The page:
We also tested nucleotide sequences base-called by Metrichor (https://metrichor.com), which uses cloud-computing services through the Internet (Fig. 1b). In the Metrichor base-called data, 5-min Rapid 1D sequencing results showed 86% and 94% sensitivity at the species and genus level, respectively (Supplemental Figures 2H and 3H, Supplemental Table 5). Overall, Nanonet base-calling showed better sensitivity at the genus level for detecting the 20 bacteria with less deviation, compared with Metrichor (Supplemental Table 5). Furthermore, Nanonet is nearly five times faster than Metrichor (Table 1), although it requires relatively high CPU power.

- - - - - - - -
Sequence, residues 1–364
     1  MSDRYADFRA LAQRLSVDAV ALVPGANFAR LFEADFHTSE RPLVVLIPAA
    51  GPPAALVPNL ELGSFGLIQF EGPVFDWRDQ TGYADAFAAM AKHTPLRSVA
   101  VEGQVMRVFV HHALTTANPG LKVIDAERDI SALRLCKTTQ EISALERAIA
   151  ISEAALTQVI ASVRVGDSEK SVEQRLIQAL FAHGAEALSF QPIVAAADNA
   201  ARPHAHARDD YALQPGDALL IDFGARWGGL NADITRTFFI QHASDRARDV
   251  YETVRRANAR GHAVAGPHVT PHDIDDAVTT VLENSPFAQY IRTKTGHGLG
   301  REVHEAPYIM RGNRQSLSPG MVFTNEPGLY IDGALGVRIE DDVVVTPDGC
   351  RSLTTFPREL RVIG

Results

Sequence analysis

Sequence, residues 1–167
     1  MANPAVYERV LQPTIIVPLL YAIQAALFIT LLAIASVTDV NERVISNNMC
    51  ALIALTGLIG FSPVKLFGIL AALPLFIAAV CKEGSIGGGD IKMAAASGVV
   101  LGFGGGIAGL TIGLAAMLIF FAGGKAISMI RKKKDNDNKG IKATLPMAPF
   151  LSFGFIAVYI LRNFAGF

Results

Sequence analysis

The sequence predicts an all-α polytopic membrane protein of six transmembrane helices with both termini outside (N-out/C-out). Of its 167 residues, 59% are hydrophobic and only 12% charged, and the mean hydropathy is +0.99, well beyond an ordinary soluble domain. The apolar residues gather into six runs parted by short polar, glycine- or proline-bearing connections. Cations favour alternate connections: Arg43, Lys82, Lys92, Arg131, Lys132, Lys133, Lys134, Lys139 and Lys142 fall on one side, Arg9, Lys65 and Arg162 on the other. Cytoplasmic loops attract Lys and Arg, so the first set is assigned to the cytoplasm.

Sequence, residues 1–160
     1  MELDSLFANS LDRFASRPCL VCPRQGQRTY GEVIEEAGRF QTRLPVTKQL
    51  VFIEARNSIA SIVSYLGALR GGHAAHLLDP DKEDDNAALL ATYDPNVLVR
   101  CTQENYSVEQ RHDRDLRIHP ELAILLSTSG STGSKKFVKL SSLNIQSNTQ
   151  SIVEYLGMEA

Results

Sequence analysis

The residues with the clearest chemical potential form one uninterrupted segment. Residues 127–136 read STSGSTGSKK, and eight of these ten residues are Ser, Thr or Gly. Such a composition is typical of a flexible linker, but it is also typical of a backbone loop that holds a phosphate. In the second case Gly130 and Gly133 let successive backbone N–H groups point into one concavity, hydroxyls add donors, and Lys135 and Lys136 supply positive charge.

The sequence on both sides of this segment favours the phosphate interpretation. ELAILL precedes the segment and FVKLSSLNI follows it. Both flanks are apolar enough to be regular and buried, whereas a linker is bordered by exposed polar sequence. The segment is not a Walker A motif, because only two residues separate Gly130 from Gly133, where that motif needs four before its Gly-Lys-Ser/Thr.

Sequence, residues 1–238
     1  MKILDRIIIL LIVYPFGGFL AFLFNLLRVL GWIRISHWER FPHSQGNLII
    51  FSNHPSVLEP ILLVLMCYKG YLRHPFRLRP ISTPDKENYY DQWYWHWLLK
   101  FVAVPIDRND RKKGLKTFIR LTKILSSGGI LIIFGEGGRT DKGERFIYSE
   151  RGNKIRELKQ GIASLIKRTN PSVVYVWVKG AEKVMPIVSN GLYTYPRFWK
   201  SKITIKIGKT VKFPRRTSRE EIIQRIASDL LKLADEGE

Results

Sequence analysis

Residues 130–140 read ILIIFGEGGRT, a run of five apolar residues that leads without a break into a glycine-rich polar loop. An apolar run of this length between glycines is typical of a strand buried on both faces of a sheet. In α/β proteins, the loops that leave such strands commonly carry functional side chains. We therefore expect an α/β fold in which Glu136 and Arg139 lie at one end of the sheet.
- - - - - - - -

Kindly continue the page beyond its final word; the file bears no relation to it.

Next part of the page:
The BLAST-based search portion of classification analysis is time-consuming, even when using computer clusters. To reduce the computational time required for species detection, we tested a newly developed species classification suite, Centrifuge4. At the species level, Centrifuge could identify all bacteria included in the mock community, except Actinomyces odontolyticus. On the other hand, at the genus level, all 20 bacteria (i.e. the corresponding 17 genera) were detected with a sensitivity of 63%, 68%, and 86% in the sequencing results of MinION Rapid 1D (5 min) and 2D, and IonPGM, respectively. We do not know why Centrifuge analysis could not detect Actinomyces odontolyticus at the species level; however, at the genus level, Actinomyces was detected in 23%, 29%, and 15% of the expected Actinomyces reads in Rapid 1D sequencing (5 min), 2D sequencing, and IonPGM, respectively. Therefore, the possibility exists that the actual composition of Actinomyces in our sample is lower than projected, despite the difference in methods of bacterial identification, primers used, and sequencers. Indeed, BLAST analysis also detected Actinomyces in 34%, 35%, and 12% of the expected reads in Rapid 1D sequencing (5 min), 2D sequencing, and IonPGM, respectively. Overall, Centrifuge exhibited less sensitivity and larger deviations, compared with BLAST-based analyses, but Centrifuge’s classification time was under 1 minute per run.